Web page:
Director Don Coscarelli ("Phantasm") returns to his wild and crazy horrific roots.
When Don Coscarelli directed Phantasm in 1979, the movie exploded onto the horror genre like an atomic bomb, replacing the growing cycle of teen-slashers and cabin-in-the-woods pictures with a surreal tale about a grave robber known only as The Tall Man.
That movie was filled with memorable images often reminiscent of Hieronymus Bosch and a dream logic that ignored the usual matters of plot in favor of a creepy, nightmarish mood.
Phantasm is now considered a cult classic. But Coscarelli’s subsequent career, which consisted of several sequels and some failed attempts at the mainstream (The Beastmaster, Survival Quest, Bubba Ho-Tep), seemed to mark him as a one-hit wonder.
But with John Dies at the End, the filmmaker returns to his free-fall brand of funny-scary frights and monsters. The movie is not for everyone: The squeamish will bolt for the exits in the first 10 minutes, and the story is practically impossible to follow — intentionally so. Even though there is a voiceover narrator, Dave (Chase Williamson), who is recounting his wild story to an increasingly skeptical reporter (Paul Giamatti), lots of things go unexplained.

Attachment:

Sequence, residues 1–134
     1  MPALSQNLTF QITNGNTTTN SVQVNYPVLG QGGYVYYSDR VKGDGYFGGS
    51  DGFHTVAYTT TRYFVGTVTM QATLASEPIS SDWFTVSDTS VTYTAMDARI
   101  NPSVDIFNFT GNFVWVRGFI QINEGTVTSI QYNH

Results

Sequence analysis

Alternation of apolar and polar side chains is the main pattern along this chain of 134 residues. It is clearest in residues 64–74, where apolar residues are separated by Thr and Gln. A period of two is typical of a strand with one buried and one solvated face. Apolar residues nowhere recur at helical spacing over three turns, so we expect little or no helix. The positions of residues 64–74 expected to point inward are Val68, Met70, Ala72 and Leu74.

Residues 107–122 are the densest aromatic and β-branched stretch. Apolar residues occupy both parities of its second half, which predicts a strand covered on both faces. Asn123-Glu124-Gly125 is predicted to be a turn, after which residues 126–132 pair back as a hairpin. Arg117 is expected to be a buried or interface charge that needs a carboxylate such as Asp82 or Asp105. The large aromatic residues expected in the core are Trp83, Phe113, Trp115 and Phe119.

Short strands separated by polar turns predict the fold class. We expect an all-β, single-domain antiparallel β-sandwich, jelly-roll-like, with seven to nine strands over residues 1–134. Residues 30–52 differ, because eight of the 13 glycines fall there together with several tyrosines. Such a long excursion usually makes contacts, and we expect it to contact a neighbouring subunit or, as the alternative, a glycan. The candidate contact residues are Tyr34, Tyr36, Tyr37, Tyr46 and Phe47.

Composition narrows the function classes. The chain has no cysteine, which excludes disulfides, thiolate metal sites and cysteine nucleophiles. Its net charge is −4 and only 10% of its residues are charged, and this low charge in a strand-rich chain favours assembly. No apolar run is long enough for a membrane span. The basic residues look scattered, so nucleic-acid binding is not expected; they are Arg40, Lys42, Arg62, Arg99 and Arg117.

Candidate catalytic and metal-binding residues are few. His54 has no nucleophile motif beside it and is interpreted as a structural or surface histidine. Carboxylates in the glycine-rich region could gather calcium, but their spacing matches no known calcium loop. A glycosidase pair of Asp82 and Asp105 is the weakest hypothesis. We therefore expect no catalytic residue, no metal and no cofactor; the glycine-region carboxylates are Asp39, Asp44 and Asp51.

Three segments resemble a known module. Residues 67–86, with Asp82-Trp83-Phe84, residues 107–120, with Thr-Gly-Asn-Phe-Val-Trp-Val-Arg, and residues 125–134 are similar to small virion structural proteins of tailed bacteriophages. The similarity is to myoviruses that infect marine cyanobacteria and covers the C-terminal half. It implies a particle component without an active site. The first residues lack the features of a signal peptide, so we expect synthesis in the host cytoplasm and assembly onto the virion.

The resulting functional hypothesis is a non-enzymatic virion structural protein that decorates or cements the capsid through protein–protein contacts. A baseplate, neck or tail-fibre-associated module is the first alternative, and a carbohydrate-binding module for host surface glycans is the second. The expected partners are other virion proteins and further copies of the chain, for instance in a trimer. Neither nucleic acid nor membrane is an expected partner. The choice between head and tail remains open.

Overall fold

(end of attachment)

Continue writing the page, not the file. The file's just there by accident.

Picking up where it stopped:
How can Dave and his friend John (Rob Mayes), who call themselves “spiritual exorcists,” see ghosts and creatures no one else can? Why does a monster made up entire of frozen meat (flank steak, turkey, hot dogs) go through them to settle his differences with a Vegas-style mystic (Clancy Brown)? Why does a cop’s mustache suddenly tear itself off the man’s face (ouch!) and start flying around the room?
Things get even stranger after Dave accidentally injects himself with a dose of “soy sauce,” the term given to a new street drug that makes bath salts seem like Morton’s. John Dies at the End is so loopy and disjointed, the movie would collapse if it not for Coscarelli, who is clearly having fun playing with his gallery of monsters, spirits, alternate dimensions and some huge, audience-pleasing gross-outs. Half the effects are computer-generated, while the other half use prosthetics and rubber. They all look a bit low-rent, but the cheapness adds to the fun. Despite its astronomical body count, John Dies at the End never takes itself seriously, and neither should you.
Cast: Chase Williamson, Rob Mayes, Paul Giamatti, Clancy Brown, Glynn Turman.
Writer-director: Don Coscarelli. Based on the short story by David Brown.
Producers: Brad Baruh, Don Coscarelli, Andy Meyers.
A Magnet Films release. Running time: 99 minutes. Vulgar language, extreme violence, heavy gore, drug use, adult themes. In Miami-Dade only: O Cinema Wynwood.